Charles de Lint, Moonheart (Ace Books, 1984)
Charles de Lint, Spiritwalk (Tor Books, 1992)

Moonheart may very well be the first novel by Charles de Lint that I ever read. I can't really say for sure -- it's been awhile. It certainly is one that I reread periodically, a fixture on my "reread often" list. It contains, in an early form, all the magic that keeps us coming back to de Lint.

It's a novel that is centered on a Place, a location that is a portal between worlds. In this case, Tamson House, the home of Jamie Tams and Sarah Kendell, among others, is a portal between the World Beyond -- our world -- and the Otherworlds, those places inhabited by the spirits and seers and shamans of both the Native traditions and the folklore of the European immigrants. The story is about an ancient evil that has bided its time and is now ready to strike. It is an evil born in ancient Gwynedd, the result of a curse by the bard Taliesin when he was cast adrift in exile. Thomas Hengwr, a sage and wizard, has been training Kieran Foy as his apprentice to help in the fight against the evil, which he believes is Taliesin gone bad. Kieran and Sarah are cast into the Otherworlds by the quin'on'a, Native spirits. Sarah, having accidentally traveled through time, meets Taliesin. In the meantime, Mal'ek'a, The Evil That Walks Nameless, has attacked Tamson House. There are many more layers and many more characters than this, all adding to the richness of the story, but too numerous to recount here. And, as tends to be the case with de Lint, the plot is not the most important part of the story.

Moonheart was my first experience with de Lint's own idiosyncratic -- well, call it cosmogony, because it might as well be, a mythic structure of Native spirits, ancient Celtic gods and faerie (and I do mean ancient -- we're talking Cernunnos here, the Horned God found from the British Isles to India, none of your latecomers like Queen Mab). De Lint characterizes his writing as "mythic fiction" and that really makes a lot of sense. He's done nothing so shallow as to incorporate fairies and elves as characters and let it go at that. He reaches back to the meanings of those kinds of characters and comes up with a new synthesis, a layered universe in which certain beings travel back and forth and have an impact far out of proportion to their actual deeds. Plop these kinds of meanings down in and around the world of contemporary Ottawa and you have a particularly rich context for an exposition on the Big Questions: de Lint's ongoing theme is really "what is moral behavior?" His answer revolves around what I can only characterize as "community," a sense of belonging to the world as an active participant, incorporating a willingness to undertake responsibility for that world. Moonheart is certainly one of the best early examples of his explorations.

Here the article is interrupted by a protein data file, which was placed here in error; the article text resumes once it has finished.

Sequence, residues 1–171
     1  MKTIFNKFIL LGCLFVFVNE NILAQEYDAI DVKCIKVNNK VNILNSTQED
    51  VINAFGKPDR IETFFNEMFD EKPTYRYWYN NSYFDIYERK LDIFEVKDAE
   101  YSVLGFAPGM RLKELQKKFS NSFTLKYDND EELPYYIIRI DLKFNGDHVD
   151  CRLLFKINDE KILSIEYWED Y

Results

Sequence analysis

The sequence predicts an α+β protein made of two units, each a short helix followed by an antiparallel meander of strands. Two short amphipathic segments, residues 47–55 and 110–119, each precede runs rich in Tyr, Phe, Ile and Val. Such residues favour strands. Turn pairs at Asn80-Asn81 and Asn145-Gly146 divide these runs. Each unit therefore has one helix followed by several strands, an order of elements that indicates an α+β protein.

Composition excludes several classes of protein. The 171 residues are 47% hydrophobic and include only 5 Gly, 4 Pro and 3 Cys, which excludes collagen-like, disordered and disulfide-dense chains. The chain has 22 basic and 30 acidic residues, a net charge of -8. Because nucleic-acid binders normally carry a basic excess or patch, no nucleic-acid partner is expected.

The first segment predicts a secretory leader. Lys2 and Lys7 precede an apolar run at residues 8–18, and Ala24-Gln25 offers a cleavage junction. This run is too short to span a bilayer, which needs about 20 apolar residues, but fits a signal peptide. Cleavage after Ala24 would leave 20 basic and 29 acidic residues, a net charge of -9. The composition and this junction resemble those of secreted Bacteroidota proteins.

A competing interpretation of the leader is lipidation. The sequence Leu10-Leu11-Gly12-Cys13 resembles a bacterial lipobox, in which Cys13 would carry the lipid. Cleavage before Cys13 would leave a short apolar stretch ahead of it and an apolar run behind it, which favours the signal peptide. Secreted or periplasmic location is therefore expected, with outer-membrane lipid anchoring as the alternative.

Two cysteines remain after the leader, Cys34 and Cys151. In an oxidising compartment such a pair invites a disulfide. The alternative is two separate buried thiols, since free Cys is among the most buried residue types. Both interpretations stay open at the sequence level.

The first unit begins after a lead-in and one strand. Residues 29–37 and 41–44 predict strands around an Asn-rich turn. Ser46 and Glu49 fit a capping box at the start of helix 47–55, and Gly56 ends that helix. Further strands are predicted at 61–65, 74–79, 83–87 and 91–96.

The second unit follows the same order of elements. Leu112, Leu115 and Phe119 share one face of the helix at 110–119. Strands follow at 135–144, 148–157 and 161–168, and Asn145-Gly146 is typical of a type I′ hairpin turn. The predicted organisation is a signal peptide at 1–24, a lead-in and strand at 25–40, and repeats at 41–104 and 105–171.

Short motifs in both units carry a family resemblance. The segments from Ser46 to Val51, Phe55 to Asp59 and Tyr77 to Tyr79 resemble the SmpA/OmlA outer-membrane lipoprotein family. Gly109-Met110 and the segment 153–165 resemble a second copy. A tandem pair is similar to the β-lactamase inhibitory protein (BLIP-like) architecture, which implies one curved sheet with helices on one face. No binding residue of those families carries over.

Spiritwalk is a loose sequel to Moonheart, a series of related tales, again centering around Tamson House and including many of the same characters. In fact, the House is even more important as a Place in this group of stories. It begins with a brief discussion of Tamson House from a book by Christy Riddell, whom we will meet again in The Onion Girl and Widdershins, followed by a delightful vignette, "Merlin Dreams in the Mondream Wood," of Sarah Kendell, age seventeen, remembering her childhood "imaginary" playmate, a red-haired boy named Merlin who lived in the oak tree at the center of the garden. It's a sweet, sad tale of the price of love.